Generally, hearing loss is looked at as a problem that impacts our personal life. It’s a problem that is between you and your hearing specialist and it’s about your state of health. It’s a personal, private subject. And that’s accurate, on an individual level. But when we talk about hearing loss in a broader context, as something that impacts 466 million people, we need to acknowledge it as a public health issue.
Now, broadly speaking, that just means that we should be considering hearing loss as something that affects society as a whole. So as a society, we need to consider how to manage it.
Hearing Loss Comes With Consequences
William has hearing loss. He just learned last week and against the suggestion of his hearing professional, that he can wait a while before looking into with hearing aids. Williams job performance, regrettably, is being impacted by his hearing loss; he’s starting to slow down in his work and is having a hard time keeping up in meetings, etc.
He also spends lots more time at home by himself. There are just too many layers of conversation for you to try and keep up with (most people talk too much anyway, he thinks). So he isolates himself instead of going out.
After a while, these decisions accumulate for William.
- Economic cost: Ignoring his hearing loss can affect his income over time. According to the World Health Organization, hearing loss can lead to a certain magnitude of underemployment and unemployment. Combined, this can cost the world economy as much as $105 billion in lost income and revenue. This quantity of lost income is just the beginning of the story because it ripples throughout the entire economic system.
- Social cost: William is missing his family and friends! His relationships are struggling due to his social separation. His friends may think he is ignoring them because they may not even know about his hearing loss. They may be getting the wrong idea about his behavior towards them. This puts additional strain on their relationships.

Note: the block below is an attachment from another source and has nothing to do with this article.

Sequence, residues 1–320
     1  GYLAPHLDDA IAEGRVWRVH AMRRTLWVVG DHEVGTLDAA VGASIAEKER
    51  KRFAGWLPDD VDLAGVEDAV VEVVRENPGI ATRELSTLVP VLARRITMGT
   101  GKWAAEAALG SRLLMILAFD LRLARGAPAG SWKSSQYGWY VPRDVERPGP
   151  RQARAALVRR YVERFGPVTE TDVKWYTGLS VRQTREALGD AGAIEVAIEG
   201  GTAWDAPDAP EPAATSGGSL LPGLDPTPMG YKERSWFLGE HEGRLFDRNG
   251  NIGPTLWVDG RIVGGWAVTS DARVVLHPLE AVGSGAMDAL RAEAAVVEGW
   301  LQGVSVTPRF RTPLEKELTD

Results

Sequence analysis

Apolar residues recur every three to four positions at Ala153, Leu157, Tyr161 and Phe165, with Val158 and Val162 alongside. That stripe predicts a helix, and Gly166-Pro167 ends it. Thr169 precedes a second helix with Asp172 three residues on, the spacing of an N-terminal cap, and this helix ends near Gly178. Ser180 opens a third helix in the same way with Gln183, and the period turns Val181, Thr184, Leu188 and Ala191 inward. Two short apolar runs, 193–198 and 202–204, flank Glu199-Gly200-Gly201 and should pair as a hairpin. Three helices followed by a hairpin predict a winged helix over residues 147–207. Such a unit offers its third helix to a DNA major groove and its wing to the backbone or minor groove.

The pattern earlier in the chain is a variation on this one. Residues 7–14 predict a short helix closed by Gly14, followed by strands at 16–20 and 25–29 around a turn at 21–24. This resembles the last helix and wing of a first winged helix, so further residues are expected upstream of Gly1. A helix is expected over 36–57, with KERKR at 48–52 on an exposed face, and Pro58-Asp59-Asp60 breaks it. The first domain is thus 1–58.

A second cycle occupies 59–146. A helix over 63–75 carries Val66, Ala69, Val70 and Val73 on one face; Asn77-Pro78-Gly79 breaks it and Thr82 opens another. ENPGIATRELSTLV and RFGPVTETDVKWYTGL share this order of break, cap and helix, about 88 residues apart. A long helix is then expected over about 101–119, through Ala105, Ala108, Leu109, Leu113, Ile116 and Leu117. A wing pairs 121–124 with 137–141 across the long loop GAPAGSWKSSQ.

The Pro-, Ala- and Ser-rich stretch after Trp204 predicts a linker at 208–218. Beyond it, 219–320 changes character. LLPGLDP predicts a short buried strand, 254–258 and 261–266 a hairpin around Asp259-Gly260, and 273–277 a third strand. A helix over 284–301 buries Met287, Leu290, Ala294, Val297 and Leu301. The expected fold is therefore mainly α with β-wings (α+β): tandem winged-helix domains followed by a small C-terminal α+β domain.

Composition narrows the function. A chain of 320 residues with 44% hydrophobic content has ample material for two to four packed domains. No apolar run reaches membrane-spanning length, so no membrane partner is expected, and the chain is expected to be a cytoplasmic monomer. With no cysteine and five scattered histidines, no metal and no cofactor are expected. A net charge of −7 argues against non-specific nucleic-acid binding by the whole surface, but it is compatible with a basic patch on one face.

Why It’s a “Public Health” Issue
While these costs will undoubtedly be felt on an individual level (William may miss his friends or lament his economic position), everyone else is also influenced. William doesn’t spend as much at local stores because he has less money. More attention will need to be given to William by his family because he has fewer friends. Over-all, his health can become impacted and can lead to increased healthcare costs. The costs then get passed down to the public if he doesn’t have insurance. And so, in that way, William’s hearing loss affects those around him quite significantly.
You can get an idea of why public health officials are very serious about this problem when you multiply William by 466 million people.
How to Treat Hearing Loss
Luckily, this specific health issue can be addressed in two simple ways: prevention and treatment. When you effectively treat hearing loss (normally through the use of hearing aids), the outcome can be quite dramatic:
- Communicating with family and friends will be easier so you will notice your relationships get better.
- Your risk of conditions like anxiety, dementia, depression, and balance issues will be decreased with management of hearing loss.
- The difficulties of your job will be more easily managed.
- It will be easier to engage in countless social activities if you can hear better.
Encouraging good mental and physical health begins with managing your hearing loss. It seems logical, then, that an increasing number of medical professionals are prioritizing the care of your hearing.
It’s just as important to consider prevention. Public information campaigns aim at giving people the facts they need to steer clear of loud, harmful noise. But even everyday noises can lead to hearing loss, such as using headphones too loud or mowing your lawn.
You can get apps that will monitor noise levels and alert you when they get too loud. One way to have a big effect is to protect the public’s hearing, often with education.
We Can go a Long Way With a Little Help
In some states they’re even expanding insurance to address hearing healthcare. That’s an approach founded on strong evidence and good public health policy. When we alter our thinking concerning hearing loss, and about preventing hearing loss, we can significantly affect public health for the good.
And that helps everyone, 466 million and beyond.